ARLINGTON — There were two months of “he said, she said,” then 15 months of silence forced by a judge’s gag order.
But beginning Wednesday, the silence will be broken and 12 jurors will have to decide who the real Terry Hornbuckle is.
Is he the rising star minister who started with a Bible study group that met in an abandoned Dairy Queen and went on to build it into a 2,500-member church in south Arlington with a ministry worth millions?
Or is he a serial predator who used his power and influence to bed young female congregants by slipping drugs into some of their drinks?
Testimony is expected to begin Wednesday morning in state District Judge Scott Wisch’s court. The trial is expected to take two to three weeks.
The high-profile witness list is believed to include former Dallas Cowboys cornerback Deion Sanders and Bishop T.D. Jakes, a televangelist and minister of the 30,000-member Potter’s House church in Dallas.
Hornbuckle, 44, of Grapevine, was indicted in 2005 on six charges of sexual assault involving five women, one charge of possession of a controlled substance, one charge of tampering with a witness and one charge of retaliation.
Prosecutors are planning to try Hornbuckle on three sexual assault charges involving three women. Each is a second-degree felony punishable by two to 20 years in prison. Because Hornbuckle has never been convicted of a felony, he would be eligible for probation if he is found guilty.
The other cases will remain pending, although jurors would probably hear about them during the punishment phase if Hornbuckle is convicted.
Defense attorneys Mike Heiskell and Leon Haley and prosecutors Sean Colston and Betty Arvin declined to comment for this article, citing the gag order issued in April 2005 by the first judge in the case, James Wilson.
Before the gag order was in place, Hornbuckle held a news conference and accused the women of trying to extort money from him before going to police. The first three accusers sued him in December 2004.
Wilson recused himself from the case last year after Hornbuckle’s attorney accused him of being “biased and prejudiced.” Additional details were unavailable because of the gag order.
The other news in the case over the last 17 months has consisted of Hornbuckle bailing out of Tarrant County Jail and being rearrested six times, four of them because he violated the terms of his bail, authorities said.
His bail was revoked at least twice for failing drug tests.
Hornbuckle checked into two drug rehabilitation programs while free on bail.
The last time he was rearrested, in March, was for leaving a court building without permission while his $3.62 million bail was being processed.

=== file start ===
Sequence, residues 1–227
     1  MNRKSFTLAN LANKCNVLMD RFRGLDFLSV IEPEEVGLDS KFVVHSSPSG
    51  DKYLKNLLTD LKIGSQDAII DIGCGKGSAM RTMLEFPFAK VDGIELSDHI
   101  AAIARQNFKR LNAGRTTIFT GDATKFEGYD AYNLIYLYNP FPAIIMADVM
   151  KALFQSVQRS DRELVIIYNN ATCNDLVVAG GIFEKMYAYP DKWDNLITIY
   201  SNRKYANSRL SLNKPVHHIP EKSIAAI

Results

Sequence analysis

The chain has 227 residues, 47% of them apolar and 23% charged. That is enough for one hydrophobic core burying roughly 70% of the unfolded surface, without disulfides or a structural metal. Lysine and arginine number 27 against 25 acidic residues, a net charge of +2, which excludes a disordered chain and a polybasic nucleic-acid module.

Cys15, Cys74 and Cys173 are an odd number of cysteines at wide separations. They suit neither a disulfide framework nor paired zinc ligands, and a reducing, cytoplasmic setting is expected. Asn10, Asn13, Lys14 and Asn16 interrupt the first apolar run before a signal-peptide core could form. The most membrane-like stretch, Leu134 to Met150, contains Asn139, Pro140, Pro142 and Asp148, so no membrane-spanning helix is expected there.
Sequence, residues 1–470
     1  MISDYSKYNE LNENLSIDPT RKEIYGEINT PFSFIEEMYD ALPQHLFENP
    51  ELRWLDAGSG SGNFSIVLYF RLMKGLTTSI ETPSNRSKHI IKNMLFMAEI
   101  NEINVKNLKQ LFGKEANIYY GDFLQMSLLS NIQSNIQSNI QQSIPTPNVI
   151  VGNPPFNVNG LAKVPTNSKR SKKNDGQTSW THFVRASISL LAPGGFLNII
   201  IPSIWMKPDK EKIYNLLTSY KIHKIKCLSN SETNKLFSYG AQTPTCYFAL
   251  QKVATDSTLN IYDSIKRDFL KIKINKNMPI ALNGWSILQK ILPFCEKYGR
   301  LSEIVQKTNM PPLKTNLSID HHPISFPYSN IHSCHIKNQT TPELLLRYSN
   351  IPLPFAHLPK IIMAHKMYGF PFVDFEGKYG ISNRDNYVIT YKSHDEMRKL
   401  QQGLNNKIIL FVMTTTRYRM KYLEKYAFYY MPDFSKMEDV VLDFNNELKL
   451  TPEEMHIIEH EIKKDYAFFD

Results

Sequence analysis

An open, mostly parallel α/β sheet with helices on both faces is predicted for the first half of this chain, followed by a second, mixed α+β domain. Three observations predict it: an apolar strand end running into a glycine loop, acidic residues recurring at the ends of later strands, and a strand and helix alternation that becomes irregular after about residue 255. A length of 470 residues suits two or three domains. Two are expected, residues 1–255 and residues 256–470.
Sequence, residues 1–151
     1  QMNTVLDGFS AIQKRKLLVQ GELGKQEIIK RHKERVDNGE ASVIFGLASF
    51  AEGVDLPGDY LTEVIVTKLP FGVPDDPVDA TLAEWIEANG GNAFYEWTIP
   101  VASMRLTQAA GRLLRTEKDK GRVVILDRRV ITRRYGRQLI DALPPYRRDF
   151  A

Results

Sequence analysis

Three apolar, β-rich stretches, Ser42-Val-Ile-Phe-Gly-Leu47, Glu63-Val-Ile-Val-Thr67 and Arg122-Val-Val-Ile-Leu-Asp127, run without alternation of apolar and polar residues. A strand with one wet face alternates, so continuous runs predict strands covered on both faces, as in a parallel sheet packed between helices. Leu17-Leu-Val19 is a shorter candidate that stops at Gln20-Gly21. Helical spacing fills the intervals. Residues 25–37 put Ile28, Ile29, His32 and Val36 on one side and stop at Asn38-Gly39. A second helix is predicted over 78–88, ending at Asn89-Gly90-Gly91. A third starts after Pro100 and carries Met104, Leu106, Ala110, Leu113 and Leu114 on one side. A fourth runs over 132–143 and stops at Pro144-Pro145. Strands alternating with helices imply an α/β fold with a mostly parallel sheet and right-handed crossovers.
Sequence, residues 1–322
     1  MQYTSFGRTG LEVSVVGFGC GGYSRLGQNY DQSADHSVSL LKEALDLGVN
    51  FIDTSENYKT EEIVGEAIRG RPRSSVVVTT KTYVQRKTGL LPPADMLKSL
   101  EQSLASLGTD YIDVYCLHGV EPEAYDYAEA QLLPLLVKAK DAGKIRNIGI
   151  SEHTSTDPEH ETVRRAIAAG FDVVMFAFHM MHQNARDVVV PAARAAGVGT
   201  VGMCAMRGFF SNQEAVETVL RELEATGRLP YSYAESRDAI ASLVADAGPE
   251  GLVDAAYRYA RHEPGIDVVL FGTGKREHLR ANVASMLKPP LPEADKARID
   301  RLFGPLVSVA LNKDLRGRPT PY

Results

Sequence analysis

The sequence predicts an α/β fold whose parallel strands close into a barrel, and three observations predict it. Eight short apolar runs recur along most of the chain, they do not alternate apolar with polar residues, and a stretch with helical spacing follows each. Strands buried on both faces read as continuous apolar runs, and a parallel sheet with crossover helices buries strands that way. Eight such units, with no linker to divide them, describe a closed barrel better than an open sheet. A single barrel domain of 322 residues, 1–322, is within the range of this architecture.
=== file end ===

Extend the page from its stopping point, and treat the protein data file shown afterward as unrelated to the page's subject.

He remains in jail without bail awaiting trial.
Hornbuckle started Agape Christian Fellowship in Irving in the mid-1980s with about a dozen members at a former Dairy Queen.
Now the church meets in a 42,000-square-foot facility on nearly 30 acres in southeast Arlington.
The property is valued at more than $4 million, according to tax records.
Hornbuckle is still considered the church’s spiritual leader, and his wife, Renee Hornbuckle, presides over services.
Terry Hornbuckle’s pictures and biography remain on the church’s Web site. But his legal troubles have affected the church.
Soon after Hornbuckle’s arrest, a director on Agape’s board left and started another church.
The church claimed 2,500 members when Hornbuckle’s saga began.
Membership dropped as low as 300 at one point but has rebounded to about 600, said Charles Richardson, chairman of the church’s board.
He produced a list of the church’s accomplishments over the last 17 months, which included feeding and clothing Hurricane Katrina evacuees, starting a transitional housing program for single mothers and helping launch programs to curb violence among teens.
“We’re starting to grow again,” Richardson said. “People did leave, but we’re starting to build again. This church is still standing.”
The church had remained tight-lipped since the first media crush at the time of the indictment, although media members were allowed to watch services with the understanding that reporters wouldn’t talk to congregants.
Richardson said they wanted to keep the trial and the church’s business separate.
“This may be his [Hornbuckle’s] vision, but we want people to know that the church is separate from the man,” Richardson said. “We’re not there for a person; we’re there for God. We’re there to praise and worship.”
The church is behind the Hornbuckles, but there will be a service on the Sunday after the trial, no matter what the jury finds, Richardson said.
“We’re hoping and we’re praying that a good outcome comes from it,” Richardson said. “But the church has to go on. We hope that justice prevails and that God’s will be done.”
Staff writer Melody McDonald contributed to this report, which includes material from the Star-Telegram archives.
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